Warner Bros. is set to join the wave of US companies taking up residency in China after it was confirmed that it is in talks to form a joint venture with a state-backed investment fund to produce local language films.
The Time Warner Inc. owned company will branch out from Hollywood and become part of the world’s fastest-growing major film market with the help of a state-backed investment fund focused on the entertainment industry, China Media Capital.
While the deal is still to be finalised, it is understood that it will consist of numerous films annually and is the largest and most expansive of its kind. Warner Bros. is expected to be a minority shareholder in the deal however its executives are expected to play important roles in getting film production off the ground.
Time Warner invested $50 million into China Media Capital two years ago, a partnership that paved the way for the current discussions by Warner Bros. Chief Executive Kevin Tsujihara’s team. Negotiations have been ongoing for months now and while the recent decline in Chinese stocks may hold proceedings up, the delays have been a result of complications in getting government approvals in China.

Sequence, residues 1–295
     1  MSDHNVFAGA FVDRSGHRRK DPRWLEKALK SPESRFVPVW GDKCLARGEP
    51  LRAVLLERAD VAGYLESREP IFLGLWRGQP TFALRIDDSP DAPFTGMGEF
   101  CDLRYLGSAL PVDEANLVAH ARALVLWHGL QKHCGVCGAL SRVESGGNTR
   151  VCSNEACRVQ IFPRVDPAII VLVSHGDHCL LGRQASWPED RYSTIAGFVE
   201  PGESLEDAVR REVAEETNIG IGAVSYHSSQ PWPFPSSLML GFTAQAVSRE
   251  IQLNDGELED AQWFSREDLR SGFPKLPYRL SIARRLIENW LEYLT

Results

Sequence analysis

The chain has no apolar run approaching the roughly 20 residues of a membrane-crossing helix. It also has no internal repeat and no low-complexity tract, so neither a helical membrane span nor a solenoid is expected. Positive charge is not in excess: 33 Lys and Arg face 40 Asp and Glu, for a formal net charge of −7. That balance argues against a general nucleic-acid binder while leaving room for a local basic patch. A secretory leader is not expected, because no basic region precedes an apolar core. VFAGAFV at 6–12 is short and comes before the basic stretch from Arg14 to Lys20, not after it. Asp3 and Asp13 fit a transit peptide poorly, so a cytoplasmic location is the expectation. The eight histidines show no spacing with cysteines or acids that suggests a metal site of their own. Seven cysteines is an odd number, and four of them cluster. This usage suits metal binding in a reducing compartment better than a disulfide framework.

In terms of the health of the Chinese film industry, the timing and structure of the deal appears ideal for Warner Bros. The Chinese box office is already up 43 per cent in 2015 to $4.3bn and ticket sales for Chinese productions have far outpaced Hollywood’s own films. The decision to produce local language films avoids any unnecessary risks given that local language film grosses have risen 63 per cent to $2.6 bn.
Hollywood has yet to break through the Chinese box office in a big way, with only four of the top ten films in China this year coming from the US; although “Furious 7” grossed $379.1 million and now stands as the most successful movie ever in the country.